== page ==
“What?! Do you mean to tell me that you got me all worked up for THAT? That’s nothing!” I meant my mock outrage to disguise my relief, because in front of me was not the coffin-like tube I had expected to rest in for twenty minutes. Instead there was a bright and airy contraption, well-lit and comfortable. It even came complete with head phones and Sirius Radio for my easy-listening entertainment. I chose soft jazz, climbed on, settled in and dozed off. It truly was nothing.
Then came the ordeal of the cortisone shot. That too turned out to be a bust. There was no pain to speak of, and the worst of it was the anxiety of waiting for the pain that never came. That’s when I began to realize what I had done to myself. I had worked myself into a tizzy, and all I had to show for it was a totally unnecessary spike in my blood pressure. Even worse, two treasured phobias of mine had turned out to be paper tigers, and I had embarrassed myself by the silly fuss I had made.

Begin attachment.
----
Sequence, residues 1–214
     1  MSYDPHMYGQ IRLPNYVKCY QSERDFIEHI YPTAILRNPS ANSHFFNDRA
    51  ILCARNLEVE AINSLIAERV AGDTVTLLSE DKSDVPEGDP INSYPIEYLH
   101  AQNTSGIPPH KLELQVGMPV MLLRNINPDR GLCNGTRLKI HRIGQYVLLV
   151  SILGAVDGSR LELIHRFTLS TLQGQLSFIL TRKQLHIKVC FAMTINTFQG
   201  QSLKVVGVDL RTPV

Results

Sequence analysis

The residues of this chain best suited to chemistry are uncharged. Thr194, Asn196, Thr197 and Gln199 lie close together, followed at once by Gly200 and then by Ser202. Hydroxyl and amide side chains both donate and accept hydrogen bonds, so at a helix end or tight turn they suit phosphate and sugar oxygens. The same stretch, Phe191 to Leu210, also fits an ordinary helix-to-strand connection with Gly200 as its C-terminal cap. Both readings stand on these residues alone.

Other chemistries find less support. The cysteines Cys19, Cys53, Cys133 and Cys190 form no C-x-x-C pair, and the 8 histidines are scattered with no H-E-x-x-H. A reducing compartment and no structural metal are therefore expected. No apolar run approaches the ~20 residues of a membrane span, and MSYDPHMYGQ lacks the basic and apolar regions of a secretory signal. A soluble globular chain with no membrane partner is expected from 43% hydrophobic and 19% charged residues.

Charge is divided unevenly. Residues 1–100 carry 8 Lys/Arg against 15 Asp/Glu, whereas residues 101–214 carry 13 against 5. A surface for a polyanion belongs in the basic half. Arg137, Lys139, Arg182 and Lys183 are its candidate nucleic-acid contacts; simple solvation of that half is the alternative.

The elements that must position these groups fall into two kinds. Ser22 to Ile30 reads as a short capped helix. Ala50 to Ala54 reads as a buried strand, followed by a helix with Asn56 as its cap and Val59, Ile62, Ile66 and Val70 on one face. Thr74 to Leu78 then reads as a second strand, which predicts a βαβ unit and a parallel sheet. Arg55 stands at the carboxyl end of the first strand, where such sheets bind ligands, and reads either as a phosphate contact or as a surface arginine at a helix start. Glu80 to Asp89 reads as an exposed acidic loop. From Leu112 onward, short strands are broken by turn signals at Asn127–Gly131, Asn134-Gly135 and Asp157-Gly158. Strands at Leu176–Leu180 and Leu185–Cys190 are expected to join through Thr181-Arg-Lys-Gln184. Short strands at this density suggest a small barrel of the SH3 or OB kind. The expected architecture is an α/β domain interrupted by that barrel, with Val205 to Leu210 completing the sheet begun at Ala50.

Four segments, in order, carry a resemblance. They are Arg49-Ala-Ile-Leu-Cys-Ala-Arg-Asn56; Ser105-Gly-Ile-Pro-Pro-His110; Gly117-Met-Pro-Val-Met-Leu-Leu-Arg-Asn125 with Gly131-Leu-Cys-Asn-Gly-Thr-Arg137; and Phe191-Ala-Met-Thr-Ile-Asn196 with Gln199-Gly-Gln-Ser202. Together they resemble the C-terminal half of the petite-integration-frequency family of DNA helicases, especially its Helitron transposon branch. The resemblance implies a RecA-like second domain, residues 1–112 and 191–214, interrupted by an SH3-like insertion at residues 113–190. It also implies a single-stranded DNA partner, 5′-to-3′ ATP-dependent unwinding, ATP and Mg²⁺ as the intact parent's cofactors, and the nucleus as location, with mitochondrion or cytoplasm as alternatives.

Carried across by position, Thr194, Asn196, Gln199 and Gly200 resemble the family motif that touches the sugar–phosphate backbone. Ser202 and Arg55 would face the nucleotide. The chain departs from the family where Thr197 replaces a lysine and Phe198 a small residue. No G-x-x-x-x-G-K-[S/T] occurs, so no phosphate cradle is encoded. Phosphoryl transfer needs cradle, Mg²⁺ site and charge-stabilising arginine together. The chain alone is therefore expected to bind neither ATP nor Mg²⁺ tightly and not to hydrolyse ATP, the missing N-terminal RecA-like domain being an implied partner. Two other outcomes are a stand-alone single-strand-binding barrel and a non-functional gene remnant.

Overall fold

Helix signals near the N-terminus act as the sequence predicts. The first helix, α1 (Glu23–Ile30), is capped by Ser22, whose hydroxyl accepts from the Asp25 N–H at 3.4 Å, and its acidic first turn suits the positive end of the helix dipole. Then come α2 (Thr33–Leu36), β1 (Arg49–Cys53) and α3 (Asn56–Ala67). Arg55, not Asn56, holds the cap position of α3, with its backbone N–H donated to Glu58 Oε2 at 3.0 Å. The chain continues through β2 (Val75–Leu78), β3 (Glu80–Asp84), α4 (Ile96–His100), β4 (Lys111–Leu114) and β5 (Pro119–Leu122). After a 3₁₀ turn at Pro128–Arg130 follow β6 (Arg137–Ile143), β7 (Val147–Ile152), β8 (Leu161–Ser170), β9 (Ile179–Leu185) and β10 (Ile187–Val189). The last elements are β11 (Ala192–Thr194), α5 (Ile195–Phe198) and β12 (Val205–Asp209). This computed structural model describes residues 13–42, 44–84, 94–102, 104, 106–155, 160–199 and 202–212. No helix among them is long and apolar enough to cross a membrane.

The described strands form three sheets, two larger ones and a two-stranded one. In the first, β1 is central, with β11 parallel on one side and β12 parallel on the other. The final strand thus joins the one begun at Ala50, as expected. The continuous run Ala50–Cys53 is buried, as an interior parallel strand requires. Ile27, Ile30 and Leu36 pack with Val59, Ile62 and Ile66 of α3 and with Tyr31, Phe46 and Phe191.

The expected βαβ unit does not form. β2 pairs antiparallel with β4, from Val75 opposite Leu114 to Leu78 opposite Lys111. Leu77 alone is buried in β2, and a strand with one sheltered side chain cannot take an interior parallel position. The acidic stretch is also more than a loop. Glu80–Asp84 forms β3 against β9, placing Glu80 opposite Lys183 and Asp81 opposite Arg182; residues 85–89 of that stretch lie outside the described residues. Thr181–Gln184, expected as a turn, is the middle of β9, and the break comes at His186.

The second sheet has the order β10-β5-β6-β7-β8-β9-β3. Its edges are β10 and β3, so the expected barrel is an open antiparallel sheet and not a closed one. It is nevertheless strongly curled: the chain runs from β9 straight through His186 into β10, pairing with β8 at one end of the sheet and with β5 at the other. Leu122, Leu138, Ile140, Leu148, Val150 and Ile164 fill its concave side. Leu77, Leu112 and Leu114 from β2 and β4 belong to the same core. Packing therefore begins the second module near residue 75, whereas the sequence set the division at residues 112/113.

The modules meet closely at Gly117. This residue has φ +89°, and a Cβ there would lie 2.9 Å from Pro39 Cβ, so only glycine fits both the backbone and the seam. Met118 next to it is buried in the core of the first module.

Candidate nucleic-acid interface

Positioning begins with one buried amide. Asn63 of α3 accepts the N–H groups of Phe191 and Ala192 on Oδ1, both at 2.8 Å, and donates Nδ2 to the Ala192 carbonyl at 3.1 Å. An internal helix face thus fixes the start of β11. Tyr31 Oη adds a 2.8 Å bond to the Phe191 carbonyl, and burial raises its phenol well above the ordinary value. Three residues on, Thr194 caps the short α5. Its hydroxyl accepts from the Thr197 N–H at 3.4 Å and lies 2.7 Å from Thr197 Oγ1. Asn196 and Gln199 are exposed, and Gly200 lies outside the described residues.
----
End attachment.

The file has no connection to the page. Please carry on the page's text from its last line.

I’m not a professional psychologist, and so I’m in no position to explain the grip that phobias can have on us. Still, as an amateur human being with plenty of phobias to my name, I will venture this. Common to all phobias is the fear of losing control of ourselves in the face of something much bigger than ourselves. Whether fanciful or quite real, these fears threaten our autonomy and perhaps even our existence. Quite rightly we sit up and take notice.